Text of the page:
• Quote of the Day
    "Hope is the thing with feathers, That perches in the soul,
    And sings the tune without the words, And never stops at all."
    Emily Dickinson, posted by Daniel

ajlpn

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Im very confused right now. I don't know if my depression is my cause or if it's my personality. I'm havig trouble dealing with the stress at work.
i know that every job has its normal stress and problems but I seem to take it so personal and on my shoulders when no one could care less what i think would help the situation. Can anyone relate or help.
 

ajlpn

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Thank you for the article it really helped but i know i will go into work tomorrow ready to solve all the problems instead of leaving it up to the people who are suppose to be doing that job.
 

Daniel

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Taking work too seriously is a reason I stopped working as a clerk in a medical office. After that job, I started working for a toy distributor since I knew that I would feel less anxiety/stress in a field of work where the customers are not in severe pain.
 

ajlpn

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Being a nurse is what i love to do. I enjoy helping other people. I just have a problem solvving mind so it is very hard to turn that off.
 

Daniel

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...but i know i will go into work tomorrow ready to solve all the problems instead of leaving it up to the people who are suppose to be doing that job.
Don't you get bogged down doing other people's work, having less time and energy to do your own job? I would think that there is a ton of paperwork you are always having to keep at bay.

when no one could care less what i think would help the situation

At a local hospital in my area, the CEO is available to any employee with a suggestion or complaint. From what you say, it seems part of the problem is that you have not found a sympathetic ear in management. I guess they don't have an anonymous suggestion box, either.
 

Daniel

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In another thread, Dr. Baxter suggested that being a home health care nurse could allow you to have more say/control in patient care. Here is more support for that suggestion:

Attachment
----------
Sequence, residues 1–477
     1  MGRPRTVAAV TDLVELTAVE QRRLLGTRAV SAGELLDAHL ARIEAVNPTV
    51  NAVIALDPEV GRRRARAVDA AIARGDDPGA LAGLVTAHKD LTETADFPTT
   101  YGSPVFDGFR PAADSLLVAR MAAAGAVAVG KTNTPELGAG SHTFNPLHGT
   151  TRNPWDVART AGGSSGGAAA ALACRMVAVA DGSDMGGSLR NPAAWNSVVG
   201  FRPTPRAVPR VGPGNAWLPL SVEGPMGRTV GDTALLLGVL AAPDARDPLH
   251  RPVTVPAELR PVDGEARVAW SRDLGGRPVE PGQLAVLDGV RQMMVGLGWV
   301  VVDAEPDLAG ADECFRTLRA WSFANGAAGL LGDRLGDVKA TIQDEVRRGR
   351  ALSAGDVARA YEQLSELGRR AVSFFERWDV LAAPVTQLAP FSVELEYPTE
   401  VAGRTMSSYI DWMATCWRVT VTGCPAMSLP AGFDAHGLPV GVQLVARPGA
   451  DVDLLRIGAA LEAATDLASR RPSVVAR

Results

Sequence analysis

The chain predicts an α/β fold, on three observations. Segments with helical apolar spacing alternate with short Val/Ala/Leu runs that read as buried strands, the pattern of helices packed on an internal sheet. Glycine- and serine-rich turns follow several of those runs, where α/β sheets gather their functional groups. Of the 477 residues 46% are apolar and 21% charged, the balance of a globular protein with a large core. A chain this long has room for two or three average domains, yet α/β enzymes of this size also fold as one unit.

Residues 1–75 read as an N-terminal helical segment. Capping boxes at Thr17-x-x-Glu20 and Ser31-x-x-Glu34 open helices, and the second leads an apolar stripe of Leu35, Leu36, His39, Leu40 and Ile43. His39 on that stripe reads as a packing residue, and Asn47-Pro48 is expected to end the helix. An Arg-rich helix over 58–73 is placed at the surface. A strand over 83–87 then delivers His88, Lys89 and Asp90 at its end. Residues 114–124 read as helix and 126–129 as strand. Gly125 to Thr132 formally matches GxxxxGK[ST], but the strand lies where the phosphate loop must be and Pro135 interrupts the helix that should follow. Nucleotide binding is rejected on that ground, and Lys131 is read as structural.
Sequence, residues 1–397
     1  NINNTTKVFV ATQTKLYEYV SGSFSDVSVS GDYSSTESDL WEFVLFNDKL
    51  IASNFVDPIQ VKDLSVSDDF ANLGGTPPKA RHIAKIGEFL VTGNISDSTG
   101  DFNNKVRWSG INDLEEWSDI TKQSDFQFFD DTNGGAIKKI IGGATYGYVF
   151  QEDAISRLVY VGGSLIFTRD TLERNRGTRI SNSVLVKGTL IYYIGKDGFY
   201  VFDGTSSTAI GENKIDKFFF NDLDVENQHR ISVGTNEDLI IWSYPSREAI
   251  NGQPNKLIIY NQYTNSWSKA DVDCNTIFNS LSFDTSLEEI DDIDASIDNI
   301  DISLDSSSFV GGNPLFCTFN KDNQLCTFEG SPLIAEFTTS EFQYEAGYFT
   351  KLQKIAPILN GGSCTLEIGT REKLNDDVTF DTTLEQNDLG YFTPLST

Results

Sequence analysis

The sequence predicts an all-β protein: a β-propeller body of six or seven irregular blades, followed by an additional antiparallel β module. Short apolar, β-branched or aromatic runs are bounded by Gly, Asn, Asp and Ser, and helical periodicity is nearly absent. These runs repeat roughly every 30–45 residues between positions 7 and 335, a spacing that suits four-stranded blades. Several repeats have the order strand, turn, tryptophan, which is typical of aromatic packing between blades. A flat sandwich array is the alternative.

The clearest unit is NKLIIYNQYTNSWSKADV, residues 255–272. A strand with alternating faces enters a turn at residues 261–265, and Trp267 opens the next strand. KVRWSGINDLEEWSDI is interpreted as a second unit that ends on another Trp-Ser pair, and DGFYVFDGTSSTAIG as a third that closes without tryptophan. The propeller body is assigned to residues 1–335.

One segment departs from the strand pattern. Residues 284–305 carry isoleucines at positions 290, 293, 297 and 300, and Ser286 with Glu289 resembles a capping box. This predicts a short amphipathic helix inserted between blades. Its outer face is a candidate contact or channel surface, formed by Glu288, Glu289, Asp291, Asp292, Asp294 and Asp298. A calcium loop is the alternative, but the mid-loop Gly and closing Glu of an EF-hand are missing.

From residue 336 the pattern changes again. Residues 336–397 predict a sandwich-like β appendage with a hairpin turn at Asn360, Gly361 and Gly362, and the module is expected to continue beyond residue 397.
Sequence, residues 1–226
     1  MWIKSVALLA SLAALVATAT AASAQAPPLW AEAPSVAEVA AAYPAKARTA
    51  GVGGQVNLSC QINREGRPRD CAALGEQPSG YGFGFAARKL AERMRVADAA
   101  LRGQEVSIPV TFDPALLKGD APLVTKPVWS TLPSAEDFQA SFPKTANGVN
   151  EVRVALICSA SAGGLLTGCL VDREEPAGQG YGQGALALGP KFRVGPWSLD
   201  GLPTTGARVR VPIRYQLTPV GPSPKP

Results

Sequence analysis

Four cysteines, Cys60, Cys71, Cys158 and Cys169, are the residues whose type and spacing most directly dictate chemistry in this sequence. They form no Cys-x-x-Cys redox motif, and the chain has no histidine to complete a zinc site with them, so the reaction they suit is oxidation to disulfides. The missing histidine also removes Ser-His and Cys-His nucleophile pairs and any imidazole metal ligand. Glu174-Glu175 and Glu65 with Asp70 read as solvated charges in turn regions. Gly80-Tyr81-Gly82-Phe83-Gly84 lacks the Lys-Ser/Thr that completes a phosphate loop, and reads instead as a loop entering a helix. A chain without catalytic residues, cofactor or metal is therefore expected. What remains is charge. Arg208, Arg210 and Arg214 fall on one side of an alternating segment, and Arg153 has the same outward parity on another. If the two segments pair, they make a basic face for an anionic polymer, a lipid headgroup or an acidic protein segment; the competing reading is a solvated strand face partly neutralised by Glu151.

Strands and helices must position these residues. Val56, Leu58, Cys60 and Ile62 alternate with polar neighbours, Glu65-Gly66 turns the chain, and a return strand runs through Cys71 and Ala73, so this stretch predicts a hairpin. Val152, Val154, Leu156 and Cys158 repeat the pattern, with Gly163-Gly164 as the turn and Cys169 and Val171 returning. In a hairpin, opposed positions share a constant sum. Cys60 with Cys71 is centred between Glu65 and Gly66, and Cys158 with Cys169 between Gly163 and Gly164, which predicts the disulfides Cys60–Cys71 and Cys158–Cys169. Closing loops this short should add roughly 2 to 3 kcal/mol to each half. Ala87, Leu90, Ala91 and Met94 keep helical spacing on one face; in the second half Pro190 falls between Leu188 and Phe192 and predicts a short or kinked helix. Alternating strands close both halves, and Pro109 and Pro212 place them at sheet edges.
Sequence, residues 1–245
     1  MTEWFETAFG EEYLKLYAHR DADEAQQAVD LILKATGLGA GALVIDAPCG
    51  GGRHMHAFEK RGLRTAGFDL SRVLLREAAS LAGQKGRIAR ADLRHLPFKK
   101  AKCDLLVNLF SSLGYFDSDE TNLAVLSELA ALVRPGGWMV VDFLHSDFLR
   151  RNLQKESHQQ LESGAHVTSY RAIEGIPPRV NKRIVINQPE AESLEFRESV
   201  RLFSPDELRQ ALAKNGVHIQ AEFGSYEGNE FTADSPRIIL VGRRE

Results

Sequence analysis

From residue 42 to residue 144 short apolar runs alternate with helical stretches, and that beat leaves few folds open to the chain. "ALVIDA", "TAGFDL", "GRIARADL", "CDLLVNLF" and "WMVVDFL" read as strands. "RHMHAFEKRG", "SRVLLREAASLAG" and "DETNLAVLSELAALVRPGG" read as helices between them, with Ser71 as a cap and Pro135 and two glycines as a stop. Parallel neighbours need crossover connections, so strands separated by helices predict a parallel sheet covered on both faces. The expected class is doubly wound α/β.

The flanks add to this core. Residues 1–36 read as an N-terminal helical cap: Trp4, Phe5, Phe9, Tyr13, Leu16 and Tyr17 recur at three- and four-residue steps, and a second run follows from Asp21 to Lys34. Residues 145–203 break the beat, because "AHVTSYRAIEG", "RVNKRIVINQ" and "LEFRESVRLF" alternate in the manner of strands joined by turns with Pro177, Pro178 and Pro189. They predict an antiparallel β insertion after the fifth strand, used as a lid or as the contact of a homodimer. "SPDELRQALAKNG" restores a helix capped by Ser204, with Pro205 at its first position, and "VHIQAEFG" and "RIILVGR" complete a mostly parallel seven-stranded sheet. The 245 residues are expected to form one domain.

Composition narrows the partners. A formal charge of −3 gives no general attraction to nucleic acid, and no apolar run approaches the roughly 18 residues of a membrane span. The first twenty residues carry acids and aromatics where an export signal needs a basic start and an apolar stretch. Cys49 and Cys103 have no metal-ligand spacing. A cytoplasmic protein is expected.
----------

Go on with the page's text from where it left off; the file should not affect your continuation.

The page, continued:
Thanks guys for your responses. I am trying to get into home health full time, which is a type of nursing that I LOVE. I get to focus fully on one patient at a time, actually sit and have a conversation with them, play with their pets :) . There are no phone calls at the desk from doctors or family members interrupting the task at hand. No meds to pass for 7 to 8 patients. No calling doctors on new patients during med pass to say they didn't get "such and such" that they take at home, which can draw med pass out to 3 hours and over. No patients climbing out of bed to worry about. No admits coming to the floor taking away time that I didn't have in the first place. No aching feet.... I could go on and on. Did I say thank God for home health?
Is this Burnout? - AllNurses.com

But, as you said in that other thread, you want to be where the action is. I guess it's a matter of "choosing your poison."

Humorous posts on lazy and strange co-workers:Strangest Coworkers - AllNurses.com
 

ajlpn

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I know home health might be a little calmer for me but I would be sacrificing what I enjoy doing. I know this is the type of work im suppose to be doing I just can't get the respect I deserve because " I'm a LPN and not a RN yet".
 

ajlpn

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I'm not sure all i know is that any time I come across in meeting people they assume Im a Rn. I going back to school this semester but very confursed about what to do in the meantime.
 

Daniel

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More Links:
Stress Management and Nursing Burnout Prevention
Samaritans Under Stress: Then and Now - ADVANCE for LPN Magazine
New Nurse, too stressed! - AllNurses.com
stress and stress and stress.... - AllNurses.com

Excerpt:
To help nurses recognize that they can't be all things to everybody, Miller encourages them to "move out of the center of the universe--move away from the hub." In other words, let others solve their own problems. To the guffaws of the conference audience, she provided an illustration to solidify her point--her husband unable to find the jelly jar in the refrigerator.

Stress Management: An Annual Checkup - ADVANCE for Nurses Magazine
 

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